Town mourns Marine with a big heart

Yarmouth resident, 21, is killed in Afghanistan

By Nandini Jayakrishna
Globe Correspondent / July 25, 2009

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They called Nicholas G. Xiarhos “the mayor of DY’’ - a playful nod to his outgoing personality and popularity at Dennis-Yarmouth Regional High School.

“Everyone knew him. He couldn’t walk by without saying hello to someone or without giving them a hug or a handshake or a high-five,’’ Rebecca M. Barbo, one of Xiarhos’s closest friends, said yesterday. “Everyone wanted a piece of Nick. And he gave them that . . . a piece of his heart wherever he went.’’

Xiarhos, a 21-year-old Marine corporal from Yarmouth, was killed Thursday in a roadside bombing in the Garmsir District in Afghanistan, according to his family.

His father, Yarmouth police Lieutenant Steven Xiarhos, said the family is devastated. “I wish it was a mistake,’’ he said by phone yesterday.

At 6 feet tall, Nick Xiarhos was muscular and strong, but gentle at heart. After returning from service in Iraq in October, he changed battalions so he could be deployed to Afghanistan two months ago, his family said.

“He didn’t feel comfortable living an easy life,’’ his mother, Lisa, said. “He just wanted to fight.’’

When she spoke to him two weeks ago, instead of complaining about the heat or the stress of combat in Afghanistan, he told her he was living his dream, the mother said.

Earlier this week, she bought Frisbees, a football, squirt guns, and other “fun stuff’’ for her son and was planning to print family pictures to send to him.

She said she was trying not to break down. “He would make us be tough,’’ she said.

He hated attention drawn to the fact he was a Marine, she said, “because he said, ‘There are thousands of Marines, and I’m not any different than they are.’ ’’

As of yesterday morning, 677 US military personnel have died and 3,303 have been wounded in action in and around Afghanistan during Operation Enduring Freedom, according to the Department of Defense website,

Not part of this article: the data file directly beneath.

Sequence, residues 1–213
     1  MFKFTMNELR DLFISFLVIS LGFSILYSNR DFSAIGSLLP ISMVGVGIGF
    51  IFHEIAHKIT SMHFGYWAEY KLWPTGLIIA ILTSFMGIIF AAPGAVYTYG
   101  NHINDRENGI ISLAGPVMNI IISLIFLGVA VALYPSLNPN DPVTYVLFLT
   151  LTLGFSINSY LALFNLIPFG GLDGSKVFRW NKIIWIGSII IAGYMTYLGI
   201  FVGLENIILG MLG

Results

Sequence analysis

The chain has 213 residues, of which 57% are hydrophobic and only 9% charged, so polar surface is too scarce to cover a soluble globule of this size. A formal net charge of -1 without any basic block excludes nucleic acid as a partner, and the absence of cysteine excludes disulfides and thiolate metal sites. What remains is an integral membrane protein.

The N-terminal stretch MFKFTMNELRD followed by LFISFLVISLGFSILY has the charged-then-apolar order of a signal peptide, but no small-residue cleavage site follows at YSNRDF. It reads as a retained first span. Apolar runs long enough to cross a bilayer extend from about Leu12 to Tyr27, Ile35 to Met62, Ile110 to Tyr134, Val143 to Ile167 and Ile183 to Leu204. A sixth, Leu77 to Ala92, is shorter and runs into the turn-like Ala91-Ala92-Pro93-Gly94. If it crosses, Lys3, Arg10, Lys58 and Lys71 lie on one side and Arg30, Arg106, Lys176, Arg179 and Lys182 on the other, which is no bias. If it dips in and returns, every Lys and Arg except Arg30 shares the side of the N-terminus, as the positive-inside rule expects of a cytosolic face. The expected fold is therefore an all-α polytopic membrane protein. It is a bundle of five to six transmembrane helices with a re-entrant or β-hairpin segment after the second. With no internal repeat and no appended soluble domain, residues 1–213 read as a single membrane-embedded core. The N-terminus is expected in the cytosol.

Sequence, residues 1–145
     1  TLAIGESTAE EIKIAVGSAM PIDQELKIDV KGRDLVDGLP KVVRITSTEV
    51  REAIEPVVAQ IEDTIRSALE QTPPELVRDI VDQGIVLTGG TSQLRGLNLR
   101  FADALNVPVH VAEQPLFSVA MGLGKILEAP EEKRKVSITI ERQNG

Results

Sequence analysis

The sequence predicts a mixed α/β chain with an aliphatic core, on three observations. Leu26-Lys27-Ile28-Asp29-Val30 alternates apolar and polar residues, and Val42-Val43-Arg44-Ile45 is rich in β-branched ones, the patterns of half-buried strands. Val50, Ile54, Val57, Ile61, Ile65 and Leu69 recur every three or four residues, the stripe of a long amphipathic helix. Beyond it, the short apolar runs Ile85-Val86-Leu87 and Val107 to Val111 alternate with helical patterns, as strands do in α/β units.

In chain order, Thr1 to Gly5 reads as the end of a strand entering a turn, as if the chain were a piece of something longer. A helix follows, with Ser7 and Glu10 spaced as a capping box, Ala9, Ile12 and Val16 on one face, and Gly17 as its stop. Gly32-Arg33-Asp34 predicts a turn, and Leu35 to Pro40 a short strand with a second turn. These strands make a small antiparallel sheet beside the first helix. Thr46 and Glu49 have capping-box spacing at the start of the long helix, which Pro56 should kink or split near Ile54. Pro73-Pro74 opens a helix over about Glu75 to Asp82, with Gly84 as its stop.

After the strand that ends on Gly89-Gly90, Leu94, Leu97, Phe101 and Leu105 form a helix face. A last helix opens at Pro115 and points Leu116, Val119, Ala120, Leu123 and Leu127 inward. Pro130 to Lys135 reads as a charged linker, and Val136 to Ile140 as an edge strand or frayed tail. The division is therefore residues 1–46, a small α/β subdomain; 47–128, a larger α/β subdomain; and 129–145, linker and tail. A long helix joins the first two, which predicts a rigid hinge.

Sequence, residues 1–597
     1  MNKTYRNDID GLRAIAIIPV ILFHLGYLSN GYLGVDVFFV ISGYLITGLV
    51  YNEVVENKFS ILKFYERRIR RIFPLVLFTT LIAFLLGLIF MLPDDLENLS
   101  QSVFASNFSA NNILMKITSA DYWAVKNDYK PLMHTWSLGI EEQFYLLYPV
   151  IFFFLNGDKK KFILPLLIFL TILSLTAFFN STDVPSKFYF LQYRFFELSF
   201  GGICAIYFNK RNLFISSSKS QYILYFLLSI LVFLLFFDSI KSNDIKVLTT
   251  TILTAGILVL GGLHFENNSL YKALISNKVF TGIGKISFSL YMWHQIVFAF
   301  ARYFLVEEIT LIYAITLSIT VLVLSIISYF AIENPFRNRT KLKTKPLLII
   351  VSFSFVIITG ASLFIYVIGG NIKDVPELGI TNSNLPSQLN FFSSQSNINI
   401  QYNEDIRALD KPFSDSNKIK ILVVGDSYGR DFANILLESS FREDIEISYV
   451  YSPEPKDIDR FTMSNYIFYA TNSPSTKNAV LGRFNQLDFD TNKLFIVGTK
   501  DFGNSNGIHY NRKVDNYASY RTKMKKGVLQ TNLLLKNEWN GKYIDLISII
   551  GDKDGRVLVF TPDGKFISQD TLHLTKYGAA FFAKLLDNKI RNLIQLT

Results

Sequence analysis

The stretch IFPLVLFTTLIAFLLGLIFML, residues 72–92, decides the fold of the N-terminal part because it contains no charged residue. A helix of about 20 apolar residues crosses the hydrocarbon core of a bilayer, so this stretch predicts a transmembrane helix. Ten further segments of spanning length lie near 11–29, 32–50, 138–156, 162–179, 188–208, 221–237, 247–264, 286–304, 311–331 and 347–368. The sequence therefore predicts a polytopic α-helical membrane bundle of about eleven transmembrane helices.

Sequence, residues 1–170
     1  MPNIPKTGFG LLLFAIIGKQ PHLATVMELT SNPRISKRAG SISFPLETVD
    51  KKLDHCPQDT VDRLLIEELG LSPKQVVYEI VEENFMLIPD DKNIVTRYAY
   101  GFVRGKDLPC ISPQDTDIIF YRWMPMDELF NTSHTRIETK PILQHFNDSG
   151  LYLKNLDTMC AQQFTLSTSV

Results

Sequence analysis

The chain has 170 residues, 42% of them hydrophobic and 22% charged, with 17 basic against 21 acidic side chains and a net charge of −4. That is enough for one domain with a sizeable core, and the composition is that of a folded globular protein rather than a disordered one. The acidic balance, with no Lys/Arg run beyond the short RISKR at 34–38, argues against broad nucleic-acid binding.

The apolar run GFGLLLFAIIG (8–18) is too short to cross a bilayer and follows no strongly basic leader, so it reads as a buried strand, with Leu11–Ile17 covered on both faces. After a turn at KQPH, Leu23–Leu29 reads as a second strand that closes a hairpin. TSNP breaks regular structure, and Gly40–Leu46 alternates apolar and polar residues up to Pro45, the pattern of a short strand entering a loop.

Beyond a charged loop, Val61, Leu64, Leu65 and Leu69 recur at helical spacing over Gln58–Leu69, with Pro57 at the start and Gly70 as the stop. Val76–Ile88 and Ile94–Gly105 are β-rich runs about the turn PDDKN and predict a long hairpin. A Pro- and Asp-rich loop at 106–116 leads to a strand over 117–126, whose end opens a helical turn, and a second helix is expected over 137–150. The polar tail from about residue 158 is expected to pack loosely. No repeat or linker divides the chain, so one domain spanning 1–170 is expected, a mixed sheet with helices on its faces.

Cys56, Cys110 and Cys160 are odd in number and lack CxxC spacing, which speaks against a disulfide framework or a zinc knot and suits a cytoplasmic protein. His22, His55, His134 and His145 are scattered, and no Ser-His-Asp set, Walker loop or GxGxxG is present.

Xiarhos’s parents and younger siblings, a brother and twin sisters, were preparing yesterday to fly to Dover Air Force Base in Delaware, where they are scheduled to collect his body today.

They were expecting him home at Christmas. After finishing his service in Afghanistan, he had planned to go to college and become a police officer like his father, they said.

Paul Funk, Xiarhos’s high school football and baseball coach for four years, remembered him as a motivated, selfless player and person.

“I know he was a good Marine because he talked about [serving his country] from the day I met him,’’ Funk said. “I know he was doing something that he really believed in.’’

Today, Yarmouth police officers and friends will participate in a 30-mile bicycle ride starting in Dennis in memory of the six fallen troops, now including Xiarhos, who have connections to Cape Cod, Steven Xiarhos said.

They will also remember Marine Lance Corporal Jordan C. Haerter of Sag Harbor, N.Y., and Corporal Jonathan T. Yale of Burkeville, Va., who sacrificed their lives to save those of 50 fellow Marines and Iraqi police officers during a suicide bomb attack in Ramadi, Iraq, last year. Xiarhos was among those saved.

Yesterday, Barbo, 21, who dated Xiarhos for a year after high school, reminisced about their times together, describing his patience and willingness to offer a helping hand to all.

She remembered their senior prom and their drives around the Cape blasting classic rock music, his favorite.

She said his peers voted to present him the “Does Most For Others’’ title their senior year.

“He could not have lived up to that title any more than he did the past 21 years,’’ Barbo said.

“You saw the name ‘Does Most for Others?’ Well, obviously, Nick Xiarhos. It was a no-brainer.’’

Nandini Jayakrishna can be reached at